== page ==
Robredo’s brother boosts her supporters in Canada
RED DEER, Alberta –Vice President Leni Robredo’s youngest sibling, Antonio Gerona, boosted her campaign here in the Calgary area where he resides, as her supporters mobilized in North America and various parts of the Filipino diaspora.
A November 14 rally held at the city’s Bowness Park saw some 200 supporters show up, although the number could be up to 500, according to Gerona in interview with INQUIRER.net.
Last Sunday’s event was an opening salvo in a series of global mobilizations to support his sister’s presidential bid. However, Gerona was quick to note that he did not plan the Canada activities single-handedly but it was, in fact, led by supporters who call themselves Global Filipinos for Leni.
The group, which was formed in November, led a synchronized caravan in the U.S and Canada, including Vancouver, Toronto and Winnipeg. A local group of supporters calling themselves “Calgary for Leni” is part of a Canada-wide formation.
All out support
When VP Leni announced her candidacy in early October, Gerona’s friends in Rome, Hong Kong, Macau, Kuwait and in Canada called, volunteering to support her campaign from abroad. A page entitled “Canada for Leni” has been created by Gerona.
“The good thing about this movement is that they are purely volunteers, I did not force them to join or [offer] any incentives to them just to join us but rather they [have] volunteered themselves using their own resources and funding,” he said.
Gerona has been a Calgarian for eight years, immigrating in 2013 with his wife and daughter. A legal practitioner in Calgary, Gerona took a legal assistant course and became a commissioner of oaths.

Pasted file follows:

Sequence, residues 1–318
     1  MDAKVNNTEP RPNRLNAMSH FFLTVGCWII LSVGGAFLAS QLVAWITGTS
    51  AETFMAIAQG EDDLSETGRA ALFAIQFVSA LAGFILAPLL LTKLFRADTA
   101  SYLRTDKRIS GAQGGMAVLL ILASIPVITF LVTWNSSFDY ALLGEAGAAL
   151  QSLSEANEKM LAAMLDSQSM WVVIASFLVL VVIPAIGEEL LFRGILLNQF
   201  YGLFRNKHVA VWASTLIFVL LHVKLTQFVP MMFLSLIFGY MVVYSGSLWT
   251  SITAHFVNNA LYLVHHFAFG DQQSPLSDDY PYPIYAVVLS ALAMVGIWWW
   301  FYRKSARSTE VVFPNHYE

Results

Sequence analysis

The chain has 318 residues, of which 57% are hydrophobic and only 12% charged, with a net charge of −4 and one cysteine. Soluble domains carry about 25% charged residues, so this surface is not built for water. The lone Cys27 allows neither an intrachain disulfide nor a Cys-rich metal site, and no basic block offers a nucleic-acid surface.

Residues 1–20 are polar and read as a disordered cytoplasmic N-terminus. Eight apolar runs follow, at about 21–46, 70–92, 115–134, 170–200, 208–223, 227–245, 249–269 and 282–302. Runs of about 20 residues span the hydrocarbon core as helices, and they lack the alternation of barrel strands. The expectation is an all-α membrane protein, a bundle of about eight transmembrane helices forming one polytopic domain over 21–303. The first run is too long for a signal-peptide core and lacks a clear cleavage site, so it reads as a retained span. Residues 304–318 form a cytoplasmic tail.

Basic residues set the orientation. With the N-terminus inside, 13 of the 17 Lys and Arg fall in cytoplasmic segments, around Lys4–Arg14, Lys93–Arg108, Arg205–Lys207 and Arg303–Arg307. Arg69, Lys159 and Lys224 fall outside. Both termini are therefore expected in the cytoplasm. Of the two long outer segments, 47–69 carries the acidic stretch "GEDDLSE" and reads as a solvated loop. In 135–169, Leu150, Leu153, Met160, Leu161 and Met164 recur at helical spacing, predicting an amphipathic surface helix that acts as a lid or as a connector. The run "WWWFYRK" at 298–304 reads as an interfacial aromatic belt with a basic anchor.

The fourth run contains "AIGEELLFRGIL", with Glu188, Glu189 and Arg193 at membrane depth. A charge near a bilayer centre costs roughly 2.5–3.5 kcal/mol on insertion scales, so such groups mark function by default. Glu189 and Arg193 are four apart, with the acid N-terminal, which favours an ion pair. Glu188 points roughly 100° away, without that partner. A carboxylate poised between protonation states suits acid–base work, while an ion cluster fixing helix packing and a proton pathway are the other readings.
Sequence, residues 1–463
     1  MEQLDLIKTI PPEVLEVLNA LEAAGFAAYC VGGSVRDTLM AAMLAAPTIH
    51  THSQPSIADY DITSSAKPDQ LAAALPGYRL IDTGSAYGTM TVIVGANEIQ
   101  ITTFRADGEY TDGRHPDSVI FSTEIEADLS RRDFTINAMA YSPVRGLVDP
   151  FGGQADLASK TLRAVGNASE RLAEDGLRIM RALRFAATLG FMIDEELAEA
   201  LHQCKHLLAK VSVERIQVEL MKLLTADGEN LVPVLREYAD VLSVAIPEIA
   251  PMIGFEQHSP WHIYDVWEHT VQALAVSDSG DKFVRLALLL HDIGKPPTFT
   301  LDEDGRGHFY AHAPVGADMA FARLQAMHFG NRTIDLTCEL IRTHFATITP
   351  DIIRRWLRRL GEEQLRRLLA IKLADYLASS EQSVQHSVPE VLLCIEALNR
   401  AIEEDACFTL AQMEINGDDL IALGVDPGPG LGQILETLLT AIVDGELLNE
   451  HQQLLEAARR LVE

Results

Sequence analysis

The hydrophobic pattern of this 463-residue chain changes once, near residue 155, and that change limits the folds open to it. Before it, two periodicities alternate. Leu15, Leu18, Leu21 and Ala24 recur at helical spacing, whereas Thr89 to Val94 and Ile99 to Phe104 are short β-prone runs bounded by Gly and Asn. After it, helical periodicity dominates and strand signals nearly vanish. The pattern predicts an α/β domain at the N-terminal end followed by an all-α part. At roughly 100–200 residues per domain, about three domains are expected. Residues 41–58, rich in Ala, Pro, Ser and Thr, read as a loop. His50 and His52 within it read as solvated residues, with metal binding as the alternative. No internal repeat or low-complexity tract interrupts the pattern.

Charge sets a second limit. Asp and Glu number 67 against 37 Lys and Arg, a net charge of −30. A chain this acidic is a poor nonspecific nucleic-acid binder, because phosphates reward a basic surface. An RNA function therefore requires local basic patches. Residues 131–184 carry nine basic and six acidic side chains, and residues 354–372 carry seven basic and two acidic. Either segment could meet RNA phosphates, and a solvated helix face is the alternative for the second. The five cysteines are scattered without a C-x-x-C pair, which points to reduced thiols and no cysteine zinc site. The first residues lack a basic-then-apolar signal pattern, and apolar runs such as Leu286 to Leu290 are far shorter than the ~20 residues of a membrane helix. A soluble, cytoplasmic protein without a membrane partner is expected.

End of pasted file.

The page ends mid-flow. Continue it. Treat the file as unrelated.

Respected Filipina-Canadian Professor Ethel Tungohan believes the overwhelming support for VP Robredo’s candidacy reflects the Filipino people’s yearning for change.
“Filipinos are aware of the many human rights abuses committed under the Duterte regime and fear that history is repeating itself. It was only a few decades ago that the Philippines was under martial law; in fact, many Filipinos in Canada had to flee the country because they were targeted by the Marcos dictatorship,” she said.
Tungohan, an associate professor of politics and social science at York University in Toronto, is the Canada Research Chair in Canadian Migration Policy, Impacts and Activism.
Rights advocates in the Philippines places the death toll at over 30,000 for victims of extra-judicial killings from the war on drugs and human rights violations against activists, journalists and critics of the government, “exceeding those committed under the Marcos regime.”
On September 15, the International Criminal Court has opened a formal investigation on alleged crimes against humanity committed by the Duterte regime under the guise of eliminating the drug problem in the Philippines.
Gerona only had “pity for Filipinos” as President Duterte’s performance was “disappointing” in the past five years.
“With regards to corruption, he said he hates them and he will eliminate them, but why did he embrace them? He is now teamed up with the two political families who were engaged in corruptions,” he said.
In addressing the pandemic, he said the government not only failed but its pandemic response was also muddled with corruption.
Despite the clamor for change in the Philippines, VP Robredo’s plan to run for president still came as a surprise, said Gerona.
“We were all surprised because from the start she didn’t really want to run for president, until a few days before she announced her candidacy. Because when we asked about it, she said she and the kids would prefer her not to run,” he added.
Gerona encouraged Filipinos abroad to support his sister’s “unconventional way” of politics, deepen their connections with one another and further engage in their communities.